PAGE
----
It started, police believe, as a fight between two 13-year-old girls.
"Then here comes their brother or their cousin to protect their little relative," said St. Petersburg police Lt. Donnie Williams.
The fight at BayWalk quickly escalated and spread throughout the courtyard of the downtown shopping and entertainment center. Within minutes, 41 police officers swarmed the scene and arrested 14 people.
On Monday, three days after the brawl, city and BayWalk officials sought to reassure residents that it was still safe to watch a movie or grab an ice cream cone at the complex. At a news conference outside the Muvico theatre, they also pledged to study the problems associated with an increased youth presence in downtown St. Petersburg.
"This is not just a BayWalk problem," said Craig Sher, president and CEO of the Sembler Group, which owns BayWalk. "This is a downtown problem. It involves many, many factions of downtown and everyone needs to be involved."
Mayor Rick Baker said episodes such as Friday night's melee are an outgrowth of the city's recent success in attracting people to downtown. "When you have a city with a vibrant nightlife, you're going to have incidents that occur," he said. "We know that."
The fight broke out about 10:30 p.m. Friday. Police are still unsure of the exact cause.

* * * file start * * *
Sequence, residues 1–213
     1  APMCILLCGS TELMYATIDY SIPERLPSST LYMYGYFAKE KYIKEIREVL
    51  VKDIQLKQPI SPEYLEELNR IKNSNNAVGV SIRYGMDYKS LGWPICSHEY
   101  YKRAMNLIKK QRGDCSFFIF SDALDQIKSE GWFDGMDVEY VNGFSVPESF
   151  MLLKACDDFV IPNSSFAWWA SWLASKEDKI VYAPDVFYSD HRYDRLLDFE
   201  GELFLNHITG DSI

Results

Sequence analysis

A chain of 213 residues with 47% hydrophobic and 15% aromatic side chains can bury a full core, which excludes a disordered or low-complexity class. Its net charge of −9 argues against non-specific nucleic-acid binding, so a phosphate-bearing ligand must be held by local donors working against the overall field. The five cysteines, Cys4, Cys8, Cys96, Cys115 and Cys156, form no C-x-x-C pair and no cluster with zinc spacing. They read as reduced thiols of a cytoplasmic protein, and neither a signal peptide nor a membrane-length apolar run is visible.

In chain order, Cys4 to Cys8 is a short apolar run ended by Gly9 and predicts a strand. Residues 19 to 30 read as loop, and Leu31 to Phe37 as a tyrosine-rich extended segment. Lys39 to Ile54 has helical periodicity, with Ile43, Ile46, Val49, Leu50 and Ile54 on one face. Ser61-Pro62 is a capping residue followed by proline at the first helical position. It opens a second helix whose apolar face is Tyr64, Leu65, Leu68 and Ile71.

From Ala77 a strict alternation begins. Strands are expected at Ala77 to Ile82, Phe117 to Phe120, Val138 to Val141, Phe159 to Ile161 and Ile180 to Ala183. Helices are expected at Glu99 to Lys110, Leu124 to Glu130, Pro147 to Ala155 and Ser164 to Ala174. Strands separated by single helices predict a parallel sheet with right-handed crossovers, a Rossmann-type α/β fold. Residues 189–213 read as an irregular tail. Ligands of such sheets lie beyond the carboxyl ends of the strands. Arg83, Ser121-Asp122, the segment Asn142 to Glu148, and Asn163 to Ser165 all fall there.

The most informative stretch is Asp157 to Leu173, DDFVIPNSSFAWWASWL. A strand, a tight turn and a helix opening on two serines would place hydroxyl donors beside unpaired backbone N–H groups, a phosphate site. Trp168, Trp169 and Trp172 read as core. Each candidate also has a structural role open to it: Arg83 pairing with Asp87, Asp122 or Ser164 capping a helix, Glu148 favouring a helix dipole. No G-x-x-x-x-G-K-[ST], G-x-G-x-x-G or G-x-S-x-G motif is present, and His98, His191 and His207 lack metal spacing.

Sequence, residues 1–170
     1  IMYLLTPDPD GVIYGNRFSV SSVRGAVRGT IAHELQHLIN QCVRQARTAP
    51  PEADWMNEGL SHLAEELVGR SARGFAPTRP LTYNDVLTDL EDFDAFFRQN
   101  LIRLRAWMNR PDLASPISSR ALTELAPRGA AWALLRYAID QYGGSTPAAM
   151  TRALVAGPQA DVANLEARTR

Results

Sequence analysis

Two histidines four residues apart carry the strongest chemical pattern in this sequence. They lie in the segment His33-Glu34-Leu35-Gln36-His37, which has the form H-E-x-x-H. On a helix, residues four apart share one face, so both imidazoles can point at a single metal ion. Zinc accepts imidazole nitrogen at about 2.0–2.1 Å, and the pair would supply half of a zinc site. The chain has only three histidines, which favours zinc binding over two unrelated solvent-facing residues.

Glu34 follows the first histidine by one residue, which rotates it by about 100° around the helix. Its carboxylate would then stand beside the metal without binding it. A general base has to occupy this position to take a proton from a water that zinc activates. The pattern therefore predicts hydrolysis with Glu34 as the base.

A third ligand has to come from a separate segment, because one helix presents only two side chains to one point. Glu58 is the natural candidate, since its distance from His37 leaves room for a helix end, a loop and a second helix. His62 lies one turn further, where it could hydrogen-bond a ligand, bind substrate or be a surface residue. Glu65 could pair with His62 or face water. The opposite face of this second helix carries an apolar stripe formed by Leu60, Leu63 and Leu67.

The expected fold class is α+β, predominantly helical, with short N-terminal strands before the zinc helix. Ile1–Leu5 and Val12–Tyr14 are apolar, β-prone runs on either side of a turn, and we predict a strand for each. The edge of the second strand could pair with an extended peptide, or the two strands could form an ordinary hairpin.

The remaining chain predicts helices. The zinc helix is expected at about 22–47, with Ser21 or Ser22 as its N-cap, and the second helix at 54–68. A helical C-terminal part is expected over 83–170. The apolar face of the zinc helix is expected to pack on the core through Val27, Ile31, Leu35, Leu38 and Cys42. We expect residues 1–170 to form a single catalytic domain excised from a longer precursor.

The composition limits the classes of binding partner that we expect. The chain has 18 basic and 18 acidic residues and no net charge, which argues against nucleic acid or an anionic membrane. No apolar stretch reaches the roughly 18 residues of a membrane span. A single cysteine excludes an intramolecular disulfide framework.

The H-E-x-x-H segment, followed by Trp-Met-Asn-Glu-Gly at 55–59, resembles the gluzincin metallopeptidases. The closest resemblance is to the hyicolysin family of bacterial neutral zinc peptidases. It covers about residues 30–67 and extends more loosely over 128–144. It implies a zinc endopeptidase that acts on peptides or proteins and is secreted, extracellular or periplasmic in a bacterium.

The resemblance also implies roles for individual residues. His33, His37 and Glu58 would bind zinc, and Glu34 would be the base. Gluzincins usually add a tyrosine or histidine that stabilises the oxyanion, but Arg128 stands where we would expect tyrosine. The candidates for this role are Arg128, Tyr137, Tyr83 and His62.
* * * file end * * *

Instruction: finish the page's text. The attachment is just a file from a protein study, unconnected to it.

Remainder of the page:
Seven adults and seven juveniles were arrested. Ten were charged with disorderly conduct, and the rest were charged with simple battery and disorderly intoxication. One person was charged with battery on a law enforcement officer.
Everyone arrested was between the ages of 13 and 24 and black. Lt. Williams said that while there was a mix of races at BayWalk that evening, the only people fighting when police arrived were black.
BayWalk was the target of race-based demonstrations last fall when members of the Uhurus protested the arrest of three young black men. The demonstrations were halted after BayWalk officials agreed to loosen the code of conduct, which prohibited baggy pants and gatherings of juveniles in groups of larger than four.
City Council member Earnest Williams, who is black, said he doesn't think race played a part in Friday night's incident.
"I hate to see it occur," he said. "But I don't have any problem arresting black folks if they are committing a crime."
Several of the young men arrested said they were innocent bystanders caught in a bad situation. For five of the seven adults, it was the first time they had been arrested in Florida. Information was not available for the juveniles.
Lequerio Nesbitt, 18, a defensive back for the Boca Ciega High School football team, said he and three of his friends were trying to leave BayWalk when somebody punched him.
"The police just arrested me," said Nesbitt, who has no criminal record. "I think they were just trying to break it up, but I didn't hit anyone."
Laura Bridges, 38, said her two sons were trying to prevent a fight when police arrested them. Her 18-year-old son, Anthony, was headed for their car when a group of men followed them, she said.